What does Europe smell like in the 16th century? Although books record events in the past, they still fail at encapsulating the scents during that time. In an effort to know the scents in Europe from centuries back, a team of European scientists has launched the Odeuropa project.

Good thing anecdotes provide some clues about how certain places, items, and people would have smelled in the past. Along with artificial intelligence (AI), scientists hope to recreate the scents that inhabitants of Europe once smelled 500 years ago. These include the herbs that protect against the plague, industrial scents, and harsh tones of tobacco.

This three-year project is made possible by the European scientists and historians from UCL, Anglia Ruskin University and the Royal Netherlands Academy of Arts and Sciences, who received a €2.8 million (£1.5 million) grant from the EU Horizon 2020 program for the Odeuropa project.

At the end of this project, they hope to create a complete encyclopedia of European aromas that could give insights of the experiences of people from the past.

Developing Artificial Intelligence to Determine Scents of the Past

According to The Guardian, the first step of the Odeuropa project is developing the AI that will screen historical texts in seven languages for the description of scents and their context and spotting aromatic items within images like paintings. The first step is scheduled to be finished by January 2021.

Dr Sara Tonelli of Fondazione Bruno Kessler (FDK) said that the AI will help them extract information from texts. Then they will analyze the example of industrial smells which they expect to find a lot of mentions in texts by Italian futurists. An example of that is the smell of motor oil.

The information gathered will help make an encyclopedia of scents of Europe from 100 to 500 years ago. It will also include some discussions about the types of noses from the past and the kind of people that these odors play a significant role and what it meant to them, said Dr.William Tullett of Anglia Ruskin University in Cambridge.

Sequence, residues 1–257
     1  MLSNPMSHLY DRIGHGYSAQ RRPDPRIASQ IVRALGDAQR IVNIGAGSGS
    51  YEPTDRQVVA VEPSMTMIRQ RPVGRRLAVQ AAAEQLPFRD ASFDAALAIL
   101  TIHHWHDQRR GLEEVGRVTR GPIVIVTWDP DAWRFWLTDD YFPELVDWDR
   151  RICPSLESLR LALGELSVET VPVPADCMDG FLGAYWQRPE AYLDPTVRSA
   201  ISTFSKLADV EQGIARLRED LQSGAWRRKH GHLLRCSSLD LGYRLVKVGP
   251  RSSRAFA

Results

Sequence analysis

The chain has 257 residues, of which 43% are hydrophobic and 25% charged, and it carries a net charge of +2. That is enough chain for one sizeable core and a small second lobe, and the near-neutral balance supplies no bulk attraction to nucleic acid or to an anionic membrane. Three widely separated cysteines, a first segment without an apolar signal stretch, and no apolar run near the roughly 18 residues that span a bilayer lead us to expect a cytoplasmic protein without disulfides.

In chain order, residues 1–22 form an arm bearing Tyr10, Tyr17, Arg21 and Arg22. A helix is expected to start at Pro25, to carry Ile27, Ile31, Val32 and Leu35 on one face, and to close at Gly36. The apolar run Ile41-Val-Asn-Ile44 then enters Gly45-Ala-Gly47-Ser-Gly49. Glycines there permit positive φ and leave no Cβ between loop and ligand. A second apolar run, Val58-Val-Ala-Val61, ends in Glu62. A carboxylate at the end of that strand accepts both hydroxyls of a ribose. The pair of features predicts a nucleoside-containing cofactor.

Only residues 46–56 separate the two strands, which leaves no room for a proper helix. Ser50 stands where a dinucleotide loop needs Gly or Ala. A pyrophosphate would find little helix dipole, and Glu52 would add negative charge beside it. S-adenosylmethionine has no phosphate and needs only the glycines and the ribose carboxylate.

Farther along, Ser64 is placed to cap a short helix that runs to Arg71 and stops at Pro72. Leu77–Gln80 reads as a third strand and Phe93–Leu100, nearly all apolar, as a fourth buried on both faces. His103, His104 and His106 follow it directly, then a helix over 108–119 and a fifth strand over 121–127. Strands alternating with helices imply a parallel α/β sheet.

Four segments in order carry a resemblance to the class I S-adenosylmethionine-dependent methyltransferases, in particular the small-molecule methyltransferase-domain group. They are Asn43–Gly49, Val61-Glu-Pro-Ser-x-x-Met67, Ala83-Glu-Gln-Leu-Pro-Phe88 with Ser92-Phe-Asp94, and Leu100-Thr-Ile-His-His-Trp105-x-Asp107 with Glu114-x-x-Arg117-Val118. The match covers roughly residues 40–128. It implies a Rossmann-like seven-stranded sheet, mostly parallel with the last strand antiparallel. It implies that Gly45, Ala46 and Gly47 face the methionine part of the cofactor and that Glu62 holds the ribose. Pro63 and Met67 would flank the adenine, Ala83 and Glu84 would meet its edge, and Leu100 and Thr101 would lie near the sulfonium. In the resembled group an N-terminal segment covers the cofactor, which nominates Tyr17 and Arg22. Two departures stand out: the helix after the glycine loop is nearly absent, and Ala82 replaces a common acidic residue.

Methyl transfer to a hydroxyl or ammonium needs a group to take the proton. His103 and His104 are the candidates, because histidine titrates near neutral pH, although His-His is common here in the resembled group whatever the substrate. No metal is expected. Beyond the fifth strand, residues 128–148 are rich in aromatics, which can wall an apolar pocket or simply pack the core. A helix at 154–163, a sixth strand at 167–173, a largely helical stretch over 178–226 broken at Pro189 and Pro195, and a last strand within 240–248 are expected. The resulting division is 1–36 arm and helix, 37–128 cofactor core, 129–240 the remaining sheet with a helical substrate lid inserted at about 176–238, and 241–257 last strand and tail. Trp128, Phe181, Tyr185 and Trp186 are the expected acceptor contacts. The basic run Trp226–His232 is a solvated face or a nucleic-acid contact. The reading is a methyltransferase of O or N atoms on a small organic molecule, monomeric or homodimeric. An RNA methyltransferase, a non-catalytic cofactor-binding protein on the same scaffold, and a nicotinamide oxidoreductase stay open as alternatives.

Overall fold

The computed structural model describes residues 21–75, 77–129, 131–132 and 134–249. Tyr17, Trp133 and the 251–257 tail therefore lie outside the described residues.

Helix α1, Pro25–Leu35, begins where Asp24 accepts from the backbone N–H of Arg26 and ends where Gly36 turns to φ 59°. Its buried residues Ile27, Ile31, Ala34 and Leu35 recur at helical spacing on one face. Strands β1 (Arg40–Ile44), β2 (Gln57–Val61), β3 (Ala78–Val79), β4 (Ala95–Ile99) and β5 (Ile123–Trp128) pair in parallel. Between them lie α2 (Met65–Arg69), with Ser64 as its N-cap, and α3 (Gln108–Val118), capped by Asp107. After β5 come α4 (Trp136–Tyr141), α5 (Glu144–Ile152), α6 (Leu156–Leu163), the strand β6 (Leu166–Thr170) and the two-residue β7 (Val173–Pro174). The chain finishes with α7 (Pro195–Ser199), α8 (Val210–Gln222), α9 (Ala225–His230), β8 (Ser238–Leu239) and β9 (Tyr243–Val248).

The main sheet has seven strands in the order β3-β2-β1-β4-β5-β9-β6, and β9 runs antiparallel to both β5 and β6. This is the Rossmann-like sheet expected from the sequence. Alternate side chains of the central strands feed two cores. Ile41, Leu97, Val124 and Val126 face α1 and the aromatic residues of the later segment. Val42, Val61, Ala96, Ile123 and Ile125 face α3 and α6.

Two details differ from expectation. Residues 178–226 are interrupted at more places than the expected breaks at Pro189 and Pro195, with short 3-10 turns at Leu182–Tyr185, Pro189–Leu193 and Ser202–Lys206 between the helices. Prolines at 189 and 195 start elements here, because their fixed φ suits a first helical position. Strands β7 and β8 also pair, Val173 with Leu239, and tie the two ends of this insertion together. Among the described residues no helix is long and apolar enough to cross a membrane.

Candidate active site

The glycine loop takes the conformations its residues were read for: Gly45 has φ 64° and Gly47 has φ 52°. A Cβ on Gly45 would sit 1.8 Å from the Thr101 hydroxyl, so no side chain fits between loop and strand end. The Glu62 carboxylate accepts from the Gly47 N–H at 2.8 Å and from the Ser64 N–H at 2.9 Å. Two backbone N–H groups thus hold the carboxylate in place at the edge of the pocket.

He added that the project is going to be thousands and thousands of texts about the aromas of the 16th and 17th centuries and the succeeding centuries after. Also, it is a collection of thousands of historical images.

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Creating a Modern-Day Version of the Extinct Smell

The information in the encyclopedia will include the individual odor and where it was used and what it was made of. But the raw information will be given to chemists and perfumers to make a modern-day version of those odors that have gone extinct now.

These recreated scents will become available to the museums and attractions to provide a more authentic experience for visitors. Dr. Tullet said that one of these smells will be tobacco which is an essential smell in European history and heritage.

Its smell is described as a hot, smoky, and pungent smell but it is not one smell at all as perfumers and tobacconists have experimented with adding scents to tobacco in all kinds of ways.

"But as a historian, it's also interesting for me because it links to histories of sociability, of trade and colonization and also health," Dr. Tullet said.

Read More: Does Eating Spicy Food Make Someone Smell Bad?

Check out more news and information on the Sense of Smell in Science Times.